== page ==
Arabian Oryx Sanctuary, Oman (delisted 2007)
This 2.75M ha site was inscribed in 1994, and is recognized in large part as one of the last remaining area with wild herds of the Arabian Oryx, an iconic antelope.
This site was inscribed despite recommendations to the contrary by IUCN, as the boundaries and statutory protection frameworks had not yet been clearly defined by the government of Oman. The WH Committee explained that it was satisfied of the political will of the Omani government in carrying out the recommendations. Despite multiple reassurances on the part of the government, the situation was not addressed, and in 2005, the WH Committee was informed of plans for a 90% reduction in area of the reserve on the part of the government, and for the granting of oil exploration permits to a multinational/Omani joint venture. This eventually led to the first ever delisting of a WH site (only 2 have ever been delisted).
Impact on Operations
There was significant reputational risk to the multinational involved in the joint venture – but this was largely avoided due to the corporate identity being subsumed into the joint venture. There were delays in starting operations. Oman’s reputation as a country that keeps to its international commitments, made under treaties and Conventions, was damaged.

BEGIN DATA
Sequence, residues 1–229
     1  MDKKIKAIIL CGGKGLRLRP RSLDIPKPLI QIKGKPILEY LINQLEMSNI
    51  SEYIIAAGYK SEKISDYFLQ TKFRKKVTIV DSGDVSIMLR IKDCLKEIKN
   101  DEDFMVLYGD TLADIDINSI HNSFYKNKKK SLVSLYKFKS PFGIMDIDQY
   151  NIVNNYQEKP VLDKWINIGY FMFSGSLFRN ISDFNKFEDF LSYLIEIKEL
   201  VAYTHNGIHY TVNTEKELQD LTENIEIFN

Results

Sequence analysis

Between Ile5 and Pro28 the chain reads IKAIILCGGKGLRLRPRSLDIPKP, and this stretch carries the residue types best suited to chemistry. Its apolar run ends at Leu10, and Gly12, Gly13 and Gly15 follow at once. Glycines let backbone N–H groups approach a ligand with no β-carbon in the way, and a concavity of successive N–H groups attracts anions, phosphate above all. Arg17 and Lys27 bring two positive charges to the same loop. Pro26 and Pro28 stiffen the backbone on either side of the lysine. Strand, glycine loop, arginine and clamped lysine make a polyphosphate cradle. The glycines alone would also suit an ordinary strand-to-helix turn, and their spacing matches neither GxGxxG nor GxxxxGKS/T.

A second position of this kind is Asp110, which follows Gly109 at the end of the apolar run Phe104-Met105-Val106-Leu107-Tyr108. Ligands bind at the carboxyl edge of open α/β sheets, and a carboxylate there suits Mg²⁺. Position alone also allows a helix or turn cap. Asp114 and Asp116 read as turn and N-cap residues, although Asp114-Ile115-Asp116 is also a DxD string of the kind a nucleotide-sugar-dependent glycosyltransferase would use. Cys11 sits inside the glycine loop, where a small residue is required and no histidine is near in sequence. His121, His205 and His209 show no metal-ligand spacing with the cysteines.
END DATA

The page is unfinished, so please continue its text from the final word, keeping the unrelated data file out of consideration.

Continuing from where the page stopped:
The WH Committee’s inscription of WH site was not entirely based on sound technical advice, but also on political considerations, leading to the inscription of a site which was not properly protected by national legislation.
The on-going ambiguity of the situation led to increasing expectations on the part of the oil company that it would be granted the right to operate within the site.